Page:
The German Ministry of Defence (MoD) has confirmed that the Puma infantry fighting vehicles (IFVs), which faced technical failures last month, have now been repaired.
The announcement was made by the German Defence Minister Christine Lambrecht on 13 January, in the presence of German Armed Forces (Bundeswehr) inspector general Eberhard Zorn, and representatives from Rheinmetall and Krauss-Maffei Wegmann (KMW).
The statement claimed that 17 out of the 18 Puma armoured IFVs have received the required repair works.
The MoD said that the industry partners were able to perform most of the repair works by the end of December last year.
The associated work and analysis was supported by the German MoD and the Bundeswehr’s army maintenance logistics, or HILArmy Repair Logistics.
Lambrecht said: “The army stands by the Puma.”
In December 2022, the vehicles, assigned under the German Army’s Panzergrenadier Battalion 112, encountered technical issues while conducting a multi-week exercise at the Bundeswehr’s shooting training centre in Munster.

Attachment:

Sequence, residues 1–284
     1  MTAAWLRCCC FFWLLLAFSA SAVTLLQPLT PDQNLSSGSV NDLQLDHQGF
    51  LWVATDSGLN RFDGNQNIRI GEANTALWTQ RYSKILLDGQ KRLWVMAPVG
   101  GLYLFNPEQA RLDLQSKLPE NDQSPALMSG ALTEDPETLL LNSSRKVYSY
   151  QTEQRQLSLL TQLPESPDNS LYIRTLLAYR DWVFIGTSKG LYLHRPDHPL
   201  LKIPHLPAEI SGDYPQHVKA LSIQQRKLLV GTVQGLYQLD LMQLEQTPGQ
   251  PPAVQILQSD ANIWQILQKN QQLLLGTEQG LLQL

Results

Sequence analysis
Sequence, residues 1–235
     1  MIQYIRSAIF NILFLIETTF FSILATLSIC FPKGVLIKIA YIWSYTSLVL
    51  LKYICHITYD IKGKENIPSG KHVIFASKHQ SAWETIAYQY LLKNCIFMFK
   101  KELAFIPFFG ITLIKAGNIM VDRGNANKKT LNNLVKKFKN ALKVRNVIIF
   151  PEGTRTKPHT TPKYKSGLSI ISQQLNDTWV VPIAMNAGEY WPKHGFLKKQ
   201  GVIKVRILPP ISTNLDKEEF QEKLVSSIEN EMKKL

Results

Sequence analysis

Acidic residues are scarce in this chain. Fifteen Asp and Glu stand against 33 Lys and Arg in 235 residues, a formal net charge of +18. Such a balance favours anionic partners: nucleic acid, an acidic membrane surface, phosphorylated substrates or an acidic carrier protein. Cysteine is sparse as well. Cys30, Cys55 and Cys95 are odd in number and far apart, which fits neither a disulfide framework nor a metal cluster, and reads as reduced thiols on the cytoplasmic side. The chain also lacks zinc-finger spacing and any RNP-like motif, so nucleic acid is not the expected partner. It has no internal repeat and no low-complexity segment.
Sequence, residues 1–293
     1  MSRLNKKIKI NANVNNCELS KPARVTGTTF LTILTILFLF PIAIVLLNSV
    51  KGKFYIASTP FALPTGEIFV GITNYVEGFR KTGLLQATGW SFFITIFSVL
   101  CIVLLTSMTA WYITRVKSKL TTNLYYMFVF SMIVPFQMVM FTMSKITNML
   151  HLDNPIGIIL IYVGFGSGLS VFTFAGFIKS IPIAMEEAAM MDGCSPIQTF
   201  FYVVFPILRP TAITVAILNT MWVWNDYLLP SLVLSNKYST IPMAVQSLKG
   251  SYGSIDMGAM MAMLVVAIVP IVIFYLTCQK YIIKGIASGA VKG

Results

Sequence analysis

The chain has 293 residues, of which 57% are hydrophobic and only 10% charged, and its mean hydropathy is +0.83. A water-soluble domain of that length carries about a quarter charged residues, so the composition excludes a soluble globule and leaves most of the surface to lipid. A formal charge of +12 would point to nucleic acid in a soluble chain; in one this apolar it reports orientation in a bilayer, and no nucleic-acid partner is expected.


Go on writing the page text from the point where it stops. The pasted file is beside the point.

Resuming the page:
The training was being carried out to prepare the troops for undertaking NATO’s Very High Readiness Joint Task Force (VJTF) 2023.
Following this issue, the MoD decided to hold Puma vehicles’ VJTF deployment until further notice.
As an alternative, the German Army’s Marder vehicles were sent to fulfil the obligations of Nato’s task force.
The German MoD has yet not confirmed the exact date when the Puma IFVs will join the VJTF 2023. However, Zorn said that the vehicles are expected to join the task force in the next six months.
Lambrecht added: “We have to do much better in logistics. The training of soldiers must also improve. The troops should be able to use Puma IFVs reliably. After all, taxpayer also has an interest in a functioning system.”